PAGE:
DeAngelo Williams was carrying a high cap-figure in 2013, and it appeared the Carolina Panthers were preparing to part ways with their star running back following this season. However, an unlikely move to restructure his contract has been finalized, ensuring both the team and Williams will be together a little longer.
First reported by Brian McIntyre of Yahoo, the restructure will save the Panthers $3.2 million this season against the cap. Instead, the money has been converted into an additional $4.0 million signing bonus, which will be stretched out over the next five years. What this means in football terms is that it's highly likely DeAngelo remains through the team though the end of 2015, as opposed to leaving after this year.
Here is now the deal breaks down, old vs. new:
2013: $4.75 salary + $3.2 bonus + $250k misc bonus = $8.2 million cap hit
2014: $5.75 salary + $3.2 bonus + $250k misc bonus = $9.2 million cap hit
2015: $6.75 salary + $3.2 bonus + $250k misc bonus = $10.2 million cap hit
2013: $850k salary + $4.0 million bonus + $150k misc bonus = $5.0 million cap hit
2014: $1.85 salary + $4.0 million bonus + $150k misc bonus = $6.0 million cap hit
2015: $1.85 salary + $4.0 million bonus + $483.3k misc bonus = $6.43 million cap hit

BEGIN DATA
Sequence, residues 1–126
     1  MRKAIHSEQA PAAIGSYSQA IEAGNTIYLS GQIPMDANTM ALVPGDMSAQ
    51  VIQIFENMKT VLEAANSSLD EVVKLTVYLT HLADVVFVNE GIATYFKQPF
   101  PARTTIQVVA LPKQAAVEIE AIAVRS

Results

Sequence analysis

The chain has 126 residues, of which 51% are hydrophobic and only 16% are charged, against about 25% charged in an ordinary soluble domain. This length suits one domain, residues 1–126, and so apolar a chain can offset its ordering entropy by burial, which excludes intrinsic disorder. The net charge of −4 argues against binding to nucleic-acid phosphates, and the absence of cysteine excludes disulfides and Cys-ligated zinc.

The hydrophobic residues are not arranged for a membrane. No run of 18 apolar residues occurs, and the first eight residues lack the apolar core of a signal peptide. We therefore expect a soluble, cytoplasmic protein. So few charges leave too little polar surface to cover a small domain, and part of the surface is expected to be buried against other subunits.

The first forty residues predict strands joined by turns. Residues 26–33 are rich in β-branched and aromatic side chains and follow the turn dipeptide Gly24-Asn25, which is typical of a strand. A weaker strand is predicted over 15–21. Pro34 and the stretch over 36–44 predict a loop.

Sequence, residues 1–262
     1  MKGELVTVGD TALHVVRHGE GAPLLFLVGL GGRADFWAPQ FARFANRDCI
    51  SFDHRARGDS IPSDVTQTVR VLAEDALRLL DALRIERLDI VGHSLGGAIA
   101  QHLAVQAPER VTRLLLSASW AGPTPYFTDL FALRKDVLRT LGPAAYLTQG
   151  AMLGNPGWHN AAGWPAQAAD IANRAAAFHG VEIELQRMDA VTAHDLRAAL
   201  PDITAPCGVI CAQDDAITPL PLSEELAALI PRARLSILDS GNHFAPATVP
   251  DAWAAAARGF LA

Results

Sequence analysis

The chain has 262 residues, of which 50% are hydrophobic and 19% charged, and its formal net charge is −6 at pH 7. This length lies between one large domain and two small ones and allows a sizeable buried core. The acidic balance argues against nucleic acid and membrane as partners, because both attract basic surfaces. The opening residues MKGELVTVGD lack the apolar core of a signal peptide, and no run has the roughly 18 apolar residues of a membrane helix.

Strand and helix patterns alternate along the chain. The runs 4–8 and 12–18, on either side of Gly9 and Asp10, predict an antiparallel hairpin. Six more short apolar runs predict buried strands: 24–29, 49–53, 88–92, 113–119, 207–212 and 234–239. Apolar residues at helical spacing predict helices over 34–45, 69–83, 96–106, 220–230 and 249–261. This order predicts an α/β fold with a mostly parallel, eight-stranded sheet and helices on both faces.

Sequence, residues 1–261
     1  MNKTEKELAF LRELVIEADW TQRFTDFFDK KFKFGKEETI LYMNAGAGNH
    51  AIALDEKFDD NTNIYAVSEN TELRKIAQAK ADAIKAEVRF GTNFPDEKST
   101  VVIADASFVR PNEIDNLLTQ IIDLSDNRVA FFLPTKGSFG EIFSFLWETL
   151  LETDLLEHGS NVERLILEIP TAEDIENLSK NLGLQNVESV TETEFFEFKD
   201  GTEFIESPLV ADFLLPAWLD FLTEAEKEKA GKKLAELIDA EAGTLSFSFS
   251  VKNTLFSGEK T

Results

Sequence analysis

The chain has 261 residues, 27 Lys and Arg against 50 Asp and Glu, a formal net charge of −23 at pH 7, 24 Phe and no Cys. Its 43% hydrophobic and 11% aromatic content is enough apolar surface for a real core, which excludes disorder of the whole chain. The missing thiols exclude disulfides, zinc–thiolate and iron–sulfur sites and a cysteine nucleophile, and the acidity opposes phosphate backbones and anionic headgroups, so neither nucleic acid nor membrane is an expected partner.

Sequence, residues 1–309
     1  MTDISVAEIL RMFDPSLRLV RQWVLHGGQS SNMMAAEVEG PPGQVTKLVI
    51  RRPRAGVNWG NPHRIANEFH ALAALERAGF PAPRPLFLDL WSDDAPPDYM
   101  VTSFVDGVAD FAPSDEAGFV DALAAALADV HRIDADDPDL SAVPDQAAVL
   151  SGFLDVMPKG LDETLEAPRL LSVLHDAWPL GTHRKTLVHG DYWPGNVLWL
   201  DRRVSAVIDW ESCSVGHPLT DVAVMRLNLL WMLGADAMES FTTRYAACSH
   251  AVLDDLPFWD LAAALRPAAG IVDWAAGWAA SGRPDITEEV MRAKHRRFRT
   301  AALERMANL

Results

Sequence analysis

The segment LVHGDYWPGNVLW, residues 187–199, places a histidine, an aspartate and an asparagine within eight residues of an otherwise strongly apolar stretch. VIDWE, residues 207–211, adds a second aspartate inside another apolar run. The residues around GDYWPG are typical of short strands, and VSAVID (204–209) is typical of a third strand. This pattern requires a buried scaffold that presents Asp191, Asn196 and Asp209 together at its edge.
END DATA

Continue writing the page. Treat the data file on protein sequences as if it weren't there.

2016: $1.0 salary + $800k bonus + $333 k misc bonus = $2.13 million cap hit
2017: $1.0 salary + $800k bonus + $333 k misc bonus = $2.13 million cap hit
What this means
Rather than being a June 1 cut designation, it allows DeAngelo to remain with the team. He is taking a true pay cut in the cash he's receiving, but overall it guarantees he'll make $17 million over the next three years, rather than likely be cut and earn $9.6 million with no guarantee another team would be interested. That's why he was willing to work with Dave Gettleman.
It's tempting to assume the move indicates a big-name signing, but most importantly it gives the the team some breathing room -- and space to have significant cap rollover into 2014. Finally, the money freed up could be used towards an extension for Greg Hardy, which would have been difficult to do while paying Williams $5.0 million in dead money each year.
Finally, and most importantly, it gives the offense another weapon. The pressure is no longer on Jonathan Stewart to be 'the guy' without a safety net, and Kenjon Barner will be eased into the offense more slowly. If you want to be glass half empty, then keeping DeAngelo longer isn't the smart move. However, the Panthers would have been taking a cap hit at least through the end of 2014 on a June 1 designation, this essentially extends that just one year -- while freeing up money now.
There are worse ideas than keeping the RB grouping together, and given the limited cost and overall gains -- this was a smart move.